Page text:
• In the second period, Brendan Burke dropped a Celebrity Jeopardy Burt Reynolds/Turd Ferguson joke when they showed a kid in a big hat. I don’t know if Butch understood the reference—didn’t sound like it—but if you’re reading this, Brendan, iunderstoodthatreference.gif.
  • It was Mike Bossy Legends Night. They had a nice tribute video and welcomed his whole family, and allowed them to promote their lung cancer foundation. His daughter spoke with the broadcast at intermission.
  • Looking around the Metro and Eastern Conference: The Capitals (to the Flyers), the Penguins (to the Hurricanes), and the Red Wings (to the Blue Jackets) all lost in regulation. The Panthers held on to top the Canucks. The Sabres game is still going on, but they’re tied with Nashville in the third.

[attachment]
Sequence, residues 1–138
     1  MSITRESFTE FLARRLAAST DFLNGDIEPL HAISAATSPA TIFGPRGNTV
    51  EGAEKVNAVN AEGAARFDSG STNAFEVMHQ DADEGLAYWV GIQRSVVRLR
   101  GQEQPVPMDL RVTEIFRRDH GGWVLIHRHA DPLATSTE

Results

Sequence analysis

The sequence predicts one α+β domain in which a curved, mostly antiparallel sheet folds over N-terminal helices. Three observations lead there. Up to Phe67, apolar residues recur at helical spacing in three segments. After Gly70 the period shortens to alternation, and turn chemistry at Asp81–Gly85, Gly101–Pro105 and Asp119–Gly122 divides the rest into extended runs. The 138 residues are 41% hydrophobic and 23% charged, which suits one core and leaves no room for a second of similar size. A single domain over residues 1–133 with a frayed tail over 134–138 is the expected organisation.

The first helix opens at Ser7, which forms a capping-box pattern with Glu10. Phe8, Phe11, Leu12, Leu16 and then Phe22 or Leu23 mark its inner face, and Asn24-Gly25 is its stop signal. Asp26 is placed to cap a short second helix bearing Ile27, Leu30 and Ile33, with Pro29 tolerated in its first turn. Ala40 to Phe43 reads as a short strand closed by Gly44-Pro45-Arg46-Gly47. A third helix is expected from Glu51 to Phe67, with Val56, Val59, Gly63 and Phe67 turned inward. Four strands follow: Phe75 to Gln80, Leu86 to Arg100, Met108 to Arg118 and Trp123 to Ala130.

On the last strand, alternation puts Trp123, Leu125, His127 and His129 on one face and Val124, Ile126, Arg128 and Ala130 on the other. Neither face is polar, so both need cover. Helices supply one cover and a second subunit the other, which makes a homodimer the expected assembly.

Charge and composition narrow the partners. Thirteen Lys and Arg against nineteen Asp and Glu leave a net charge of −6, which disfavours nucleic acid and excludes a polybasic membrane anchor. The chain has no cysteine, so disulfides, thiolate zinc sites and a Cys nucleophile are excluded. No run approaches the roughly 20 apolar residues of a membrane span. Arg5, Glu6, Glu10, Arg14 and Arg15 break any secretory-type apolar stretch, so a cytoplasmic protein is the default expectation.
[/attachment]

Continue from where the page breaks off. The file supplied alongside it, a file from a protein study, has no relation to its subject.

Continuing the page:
• With all of that, the Islanders are back in a playoff spot, though the Penguins have two games in hand and would be the final wild card by points percentage. Still, the Isles are also now only three points behind the Caps with a game in hand heading into Monday’s showdown. A regulation win would put them one point behind with one game in hand. I tell ya, the ups and downs of this playoff race are going to kill me. But I love it, and I missed it a lot after the race was over in November last year.

Up Next

The homestand is more than half over, and the Islanders are 1-1-1. The fourth of five games is Monday night, hosting the Washington Capitals. It’s the first of four meetings with Washington, and the Isles are battling them for a playoff spot. It’s a 7:30 p.m. start. It’s going to be a big game.